Restored window at St. John’s, Shaughnessy
A few weeks ago I blogged about John removing a window in need of restoration from St John’s Shaughnessy. We have recently re-installed the restored window and I thought you might be interested to see more about the process we went through to make it structurally sound and beautiful again.
Restoration is often more forensic than artistic. In this case the challenge was to identify the causes of the excessive bowing in what was a relatively young 60 year old window, and rectify both the cause and effect. We identified several factors that had contributed to this deterioration; the window had not been originally installed with the correct support for the weight, gaps between the window and the casement had been filled with pieces of wood which had expanded and rotted, and some areas of very thick glass were coming out of the lead. John needed to use some of our stock of specialist extra wide heart Belgian lead to address this problem, and he also devised additional support for the restored window within the existing steel casement. When the restored window was back in position once more it looked fantastic and, most importantly, won’t need to be restored again for at least 120 years!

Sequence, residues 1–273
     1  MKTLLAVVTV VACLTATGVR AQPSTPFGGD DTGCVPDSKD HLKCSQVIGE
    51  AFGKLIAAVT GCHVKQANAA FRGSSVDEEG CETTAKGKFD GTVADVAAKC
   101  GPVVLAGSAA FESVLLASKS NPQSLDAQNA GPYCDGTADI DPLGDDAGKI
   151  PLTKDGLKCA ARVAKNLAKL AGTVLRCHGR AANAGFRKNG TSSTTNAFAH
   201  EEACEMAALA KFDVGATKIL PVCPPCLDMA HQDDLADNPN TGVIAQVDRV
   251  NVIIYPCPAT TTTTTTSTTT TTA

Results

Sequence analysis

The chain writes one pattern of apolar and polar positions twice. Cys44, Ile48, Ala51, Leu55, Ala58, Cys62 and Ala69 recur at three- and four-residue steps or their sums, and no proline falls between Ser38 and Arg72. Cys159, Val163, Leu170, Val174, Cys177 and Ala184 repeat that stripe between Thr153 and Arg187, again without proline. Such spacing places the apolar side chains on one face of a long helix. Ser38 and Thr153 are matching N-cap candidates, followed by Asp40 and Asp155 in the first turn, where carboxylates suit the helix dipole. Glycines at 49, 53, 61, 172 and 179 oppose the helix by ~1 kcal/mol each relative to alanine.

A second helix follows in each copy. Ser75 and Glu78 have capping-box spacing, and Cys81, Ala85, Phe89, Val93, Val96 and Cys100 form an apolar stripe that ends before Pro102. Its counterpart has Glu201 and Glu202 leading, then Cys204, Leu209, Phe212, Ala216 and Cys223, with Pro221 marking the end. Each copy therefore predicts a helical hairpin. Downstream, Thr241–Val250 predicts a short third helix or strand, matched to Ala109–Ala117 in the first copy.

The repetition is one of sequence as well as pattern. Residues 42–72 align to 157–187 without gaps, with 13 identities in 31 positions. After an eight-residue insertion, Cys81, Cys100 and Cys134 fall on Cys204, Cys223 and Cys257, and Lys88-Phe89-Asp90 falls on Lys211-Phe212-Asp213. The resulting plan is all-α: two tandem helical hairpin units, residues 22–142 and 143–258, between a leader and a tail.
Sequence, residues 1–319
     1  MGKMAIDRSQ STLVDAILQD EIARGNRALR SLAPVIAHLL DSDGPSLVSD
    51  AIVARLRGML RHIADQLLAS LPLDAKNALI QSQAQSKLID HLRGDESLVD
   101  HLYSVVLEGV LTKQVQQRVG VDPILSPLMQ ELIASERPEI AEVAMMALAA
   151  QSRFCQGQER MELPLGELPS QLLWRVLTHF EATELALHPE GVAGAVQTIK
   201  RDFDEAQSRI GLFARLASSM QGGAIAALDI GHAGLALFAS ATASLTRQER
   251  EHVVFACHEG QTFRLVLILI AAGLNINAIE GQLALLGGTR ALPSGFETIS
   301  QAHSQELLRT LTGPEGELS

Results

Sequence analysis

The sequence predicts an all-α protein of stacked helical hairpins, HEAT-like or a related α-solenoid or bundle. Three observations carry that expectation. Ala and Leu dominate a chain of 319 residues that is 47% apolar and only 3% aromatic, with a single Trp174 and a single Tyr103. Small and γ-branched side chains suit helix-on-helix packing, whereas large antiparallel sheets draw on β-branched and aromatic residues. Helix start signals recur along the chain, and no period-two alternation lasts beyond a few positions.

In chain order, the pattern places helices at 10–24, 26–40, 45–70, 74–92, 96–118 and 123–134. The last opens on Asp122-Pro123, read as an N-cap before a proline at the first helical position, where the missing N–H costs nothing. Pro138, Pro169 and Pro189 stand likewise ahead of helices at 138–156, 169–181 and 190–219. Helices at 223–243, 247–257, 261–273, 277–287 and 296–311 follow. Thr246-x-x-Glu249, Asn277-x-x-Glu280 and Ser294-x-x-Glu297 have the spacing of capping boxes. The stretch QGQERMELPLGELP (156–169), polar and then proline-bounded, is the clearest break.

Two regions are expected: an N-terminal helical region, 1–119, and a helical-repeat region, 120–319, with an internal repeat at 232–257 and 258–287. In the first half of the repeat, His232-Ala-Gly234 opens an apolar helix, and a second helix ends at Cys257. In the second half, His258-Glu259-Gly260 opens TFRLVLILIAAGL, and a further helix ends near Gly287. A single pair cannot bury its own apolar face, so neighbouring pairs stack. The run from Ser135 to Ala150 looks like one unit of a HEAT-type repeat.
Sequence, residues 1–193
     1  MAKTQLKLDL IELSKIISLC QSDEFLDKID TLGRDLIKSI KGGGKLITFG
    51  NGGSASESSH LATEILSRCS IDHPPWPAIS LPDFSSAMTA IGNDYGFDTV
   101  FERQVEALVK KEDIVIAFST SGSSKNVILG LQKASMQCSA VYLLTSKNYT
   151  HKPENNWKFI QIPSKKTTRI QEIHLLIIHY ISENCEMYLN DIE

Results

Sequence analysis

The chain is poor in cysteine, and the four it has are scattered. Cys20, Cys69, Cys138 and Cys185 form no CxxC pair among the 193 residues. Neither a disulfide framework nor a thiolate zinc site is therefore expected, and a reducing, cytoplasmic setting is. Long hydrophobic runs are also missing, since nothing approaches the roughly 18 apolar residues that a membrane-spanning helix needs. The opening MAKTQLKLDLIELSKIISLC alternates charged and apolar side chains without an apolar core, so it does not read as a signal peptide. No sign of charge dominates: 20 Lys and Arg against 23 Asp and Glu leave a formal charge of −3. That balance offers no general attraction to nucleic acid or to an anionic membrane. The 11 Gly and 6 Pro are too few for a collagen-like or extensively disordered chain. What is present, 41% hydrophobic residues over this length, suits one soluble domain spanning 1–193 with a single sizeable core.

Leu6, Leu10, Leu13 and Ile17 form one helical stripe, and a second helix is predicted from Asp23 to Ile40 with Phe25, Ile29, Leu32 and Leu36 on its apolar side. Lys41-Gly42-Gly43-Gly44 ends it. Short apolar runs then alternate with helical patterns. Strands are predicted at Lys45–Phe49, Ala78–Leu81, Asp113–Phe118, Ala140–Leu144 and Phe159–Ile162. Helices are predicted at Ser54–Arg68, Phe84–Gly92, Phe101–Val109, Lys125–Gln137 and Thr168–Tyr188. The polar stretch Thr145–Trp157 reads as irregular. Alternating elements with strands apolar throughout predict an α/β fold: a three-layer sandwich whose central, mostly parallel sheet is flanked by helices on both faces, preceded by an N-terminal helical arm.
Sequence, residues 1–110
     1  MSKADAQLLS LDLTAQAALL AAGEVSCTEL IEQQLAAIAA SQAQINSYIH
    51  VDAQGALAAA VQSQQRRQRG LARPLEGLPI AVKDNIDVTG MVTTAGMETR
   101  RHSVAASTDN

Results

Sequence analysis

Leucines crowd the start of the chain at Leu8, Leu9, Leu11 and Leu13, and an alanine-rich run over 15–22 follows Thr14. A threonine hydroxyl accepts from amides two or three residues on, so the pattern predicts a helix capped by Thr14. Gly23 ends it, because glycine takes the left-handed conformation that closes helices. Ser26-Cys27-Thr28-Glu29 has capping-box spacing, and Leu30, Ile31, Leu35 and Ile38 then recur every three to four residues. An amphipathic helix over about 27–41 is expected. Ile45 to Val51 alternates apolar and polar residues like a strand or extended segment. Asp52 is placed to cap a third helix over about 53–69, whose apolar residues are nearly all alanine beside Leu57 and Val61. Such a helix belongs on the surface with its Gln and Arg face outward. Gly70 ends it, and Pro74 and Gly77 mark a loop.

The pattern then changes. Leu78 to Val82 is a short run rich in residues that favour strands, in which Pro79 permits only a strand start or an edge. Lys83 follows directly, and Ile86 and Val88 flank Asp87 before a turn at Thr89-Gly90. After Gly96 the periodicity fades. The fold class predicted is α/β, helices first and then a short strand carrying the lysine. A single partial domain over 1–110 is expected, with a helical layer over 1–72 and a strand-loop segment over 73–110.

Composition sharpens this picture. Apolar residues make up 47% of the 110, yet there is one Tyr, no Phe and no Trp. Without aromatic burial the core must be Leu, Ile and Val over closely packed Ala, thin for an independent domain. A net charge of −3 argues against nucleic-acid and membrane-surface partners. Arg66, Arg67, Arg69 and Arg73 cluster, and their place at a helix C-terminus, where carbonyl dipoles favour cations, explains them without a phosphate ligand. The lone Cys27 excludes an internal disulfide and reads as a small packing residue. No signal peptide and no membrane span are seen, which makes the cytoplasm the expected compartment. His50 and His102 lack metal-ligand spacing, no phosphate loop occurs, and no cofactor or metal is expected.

Removing the window for restoration
Dismantling the damaged window
Cleaned and prepped for re-leading
Restored window viewed from the outside